The United States Apollo 14 moon mission which blasts off from Cape Kennedy on January 31 next year, will be carrying with it a revolutionary new lunar vehicle.
LV Edgar Mitchell (astronaut) on stage with mooncart
CU PULL BACK Cart
SV Mitchell demonstrates car
GV Press conference
TRANSCRIPT: SEQ. 4: MITCHELL: "First of all we have four which weigh bags to put our samples in two on the back, one on each side--so that we can drop in the nearest one when we've completed documenting samples. We have stowage on this side of the MET for our two Hasselblad lunar surface cameras, most of the time those mount on an RCU bracket right in front of you, when you're doing things with your hands those cameras get in the way, so we need a place to stow them. That's stowage for two of them. We have stowage here, although I don't have them mounted at the moment, stowage for two extra magazines for those cameras. We have in the middle as extra scoop for picking up certain types of samples. This bit of stowage is being evaluated now. There used to be other equipment stowed there and recent changes have indicated we might want to carry this scoop in that position and it's working out very nicely."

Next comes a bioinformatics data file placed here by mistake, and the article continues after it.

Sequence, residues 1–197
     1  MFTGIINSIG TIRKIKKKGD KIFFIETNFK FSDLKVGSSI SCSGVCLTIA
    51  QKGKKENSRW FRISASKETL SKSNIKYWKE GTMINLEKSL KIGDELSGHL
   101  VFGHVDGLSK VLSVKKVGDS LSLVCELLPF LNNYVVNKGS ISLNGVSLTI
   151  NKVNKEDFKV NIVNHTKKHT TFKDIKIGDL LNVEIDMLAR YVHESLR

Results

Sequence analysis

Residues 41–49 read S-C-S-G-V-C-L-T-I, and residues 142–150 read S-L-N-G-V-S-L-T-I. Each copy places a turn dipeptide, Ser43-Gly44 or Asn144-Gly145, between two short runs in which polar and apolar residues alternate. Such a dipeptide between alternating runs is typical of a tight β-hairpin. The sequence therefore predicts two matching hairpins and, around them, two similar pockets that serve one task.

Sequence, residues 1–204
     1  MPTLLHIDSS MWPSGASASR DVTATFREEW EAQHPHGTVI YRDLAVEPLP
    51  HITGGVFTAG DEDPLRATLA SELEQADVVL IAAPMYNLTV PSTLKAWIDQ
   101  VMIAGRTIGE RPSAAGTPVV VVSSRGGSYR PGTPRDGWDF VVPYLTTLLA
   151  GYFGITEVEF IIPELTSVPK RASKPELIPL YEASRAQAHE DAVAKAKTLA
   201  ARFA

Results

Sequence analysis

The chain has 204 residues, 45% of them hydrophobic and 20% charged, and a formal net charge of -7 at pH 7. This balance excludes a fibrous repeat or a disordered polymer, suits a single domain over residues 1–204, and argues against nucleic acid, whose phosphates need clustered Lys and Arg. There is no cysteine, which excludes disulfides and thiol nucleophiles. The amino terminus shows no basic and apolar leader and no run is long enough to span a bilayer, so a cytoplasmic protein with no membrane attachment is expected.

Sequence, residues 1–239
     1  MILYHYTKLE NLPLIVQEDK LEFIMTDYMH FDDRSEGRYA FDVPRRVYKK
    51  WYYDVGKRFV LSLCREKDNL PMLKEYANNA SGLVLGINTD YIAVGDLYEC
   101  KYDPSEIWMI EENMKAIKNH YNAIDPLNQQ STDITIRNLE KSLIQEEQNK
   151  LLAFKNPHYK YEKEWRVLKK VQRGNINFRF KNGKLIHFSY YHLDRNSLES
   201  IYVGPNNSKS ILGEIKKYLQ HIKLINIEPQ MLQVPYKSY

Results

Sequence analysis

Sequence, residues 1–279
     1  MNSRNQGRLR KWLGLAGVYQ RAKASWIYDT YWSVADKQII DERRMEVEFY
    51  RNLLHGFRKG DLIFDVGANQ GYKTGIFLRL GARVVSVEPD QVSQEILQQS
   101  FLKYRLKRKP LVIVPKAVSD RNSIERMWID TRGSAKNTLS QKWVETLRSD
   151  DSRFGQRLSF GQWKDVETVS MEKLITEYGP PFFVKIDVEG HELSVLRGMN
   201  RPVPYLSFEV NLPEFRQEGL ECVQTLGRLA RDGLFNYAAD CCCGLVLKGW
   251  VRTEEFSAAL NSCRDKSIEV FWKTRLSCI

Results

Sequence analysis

Initials CP/PW/BB/2235 CP/PW/BB/2243
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Background: The United States Apollo 14 moon mission which blasts off from Cape Kennedy on January 31 next year, will be carrying with it a revolutionary new lunar vehicle. The vehicle, known as a Mobile Equipment Transporter--or MET--was unveiled for the first time at Washington Press Conference on Friday (October 16).
Prime crewmen on the mission--the sixth American manned flight to the moon--are Spacecraft Commander Alan B. Shepard, Command Module pilot Stuart A Roosa and Lunar Module pilot Edgar Mitchell. Shepard and Mitchell will use the two-wheeled cart to increase their mobility while carrying out their range of duties on the surface of the moon.
The National Aeronautics and Space Administrations (N.A.S.A.) which developed the MET claims the vehicle will double the walking range of the Apollo 14 astronauts and greatly increase the amount of moon material they can bring back. The vehicles uses were explained to newsmen by Edgar Mitchell.